Erick Williams, the executive chef and owner of Virtue, a restaurant in South Chicago, said its staff of 22 was about half the size before the pandemic. “People don’t even show up for interviews these days,” he said.
While he can’t hire more help before business grows with the growth of outdoor dining, Mr Williams said, “all of a sudden you have to pay more overtime and you’re running the risk of exhausting your staff. “
The tight labor market has helped accelerate the changes restaurant workers have been asking for during the closures, including higher wages and better working conditions. Ms Button has raised wages in line with recommendations from One Fair Wage, an advocacy group for service workers, and pays bonuses of $ 150 to employees who refer new hires who stay on the job for more than 90 days.
The starting salary for kitchen workers at Mr. Acheson’s Atlanta restaurants is $ 14 to $ 15 an hour, he said, up from $ 12 before the pandemic. “People will walk the streets for an extra dollar – and they should,” he said.
Mike Traud, program director in the Department of Food and Hospitality Management at Drexel University in Philadelphia, said the intense competition for talent made it a good time for people to break into. Restoration. He said this is especially true in the northeast, where restaurants on the coast rent for the tourist season.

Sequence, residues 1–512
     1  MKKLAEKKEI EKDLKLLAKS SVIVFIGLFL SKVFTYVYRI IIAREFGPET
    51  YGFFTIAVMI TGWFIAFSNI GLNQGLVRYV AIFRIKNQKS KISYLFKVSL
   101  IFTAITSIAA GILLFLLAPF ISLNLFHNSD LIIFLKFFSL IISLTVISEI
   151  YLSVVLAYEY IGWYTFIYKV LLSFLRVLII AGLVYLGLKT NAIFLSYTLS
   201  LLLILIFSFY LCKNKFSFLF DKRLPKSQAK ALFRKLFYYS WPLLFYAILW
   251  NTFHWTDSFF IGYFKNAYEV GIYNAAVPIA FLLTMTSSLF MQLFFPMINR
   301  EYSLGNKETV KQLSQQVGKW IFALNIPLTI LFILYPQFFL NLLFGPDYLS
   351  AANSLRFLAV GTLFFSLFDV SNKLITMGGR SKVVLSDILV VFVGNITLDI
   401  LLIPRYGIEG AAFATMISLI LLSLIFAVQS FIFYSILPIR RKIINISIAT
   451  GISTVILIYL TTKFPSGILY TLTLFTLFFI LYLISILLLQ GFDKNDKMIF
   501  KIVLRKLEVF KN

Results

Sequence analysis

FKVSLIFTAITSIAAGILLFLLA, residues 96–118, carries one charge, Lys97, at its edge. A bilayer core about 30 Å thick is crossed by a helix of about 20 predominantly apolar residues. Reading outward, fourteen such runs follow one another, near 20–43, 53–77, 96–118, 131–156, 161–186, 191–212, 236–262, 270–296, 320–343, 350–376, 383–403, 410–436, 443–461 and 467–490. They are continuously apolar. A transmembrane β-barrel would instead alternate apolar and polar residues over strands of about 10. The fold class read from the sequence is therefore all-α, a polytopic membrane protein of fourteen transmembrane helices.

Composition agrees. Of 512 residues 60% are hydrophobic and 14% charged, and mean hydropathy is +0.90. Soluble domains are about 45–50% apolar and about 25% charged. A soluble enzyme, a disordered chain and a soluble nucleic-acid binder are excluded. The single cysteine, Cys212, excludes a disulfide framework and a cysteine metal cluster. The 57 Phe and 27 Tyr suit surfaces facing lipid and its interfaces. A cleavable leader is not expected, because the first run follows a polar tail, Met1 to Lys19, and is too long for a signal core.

“You have more weight,” he said, “and there are more opportunities to get into higher level kitchens.”
However, many people may be reluctant to return to or return to restaurant work, given the health risks that some studies have linked to serving customers, especially indoors. Many restaurateurs also fear that resuming meals indoors too quickly could cause another spike in Covid infections. (This week, the Aspen Institute’s Food and Society program released a set of safety guidelines that it developed, in partnership with other industry groups, to keep diners and restaurant employees going. follow.)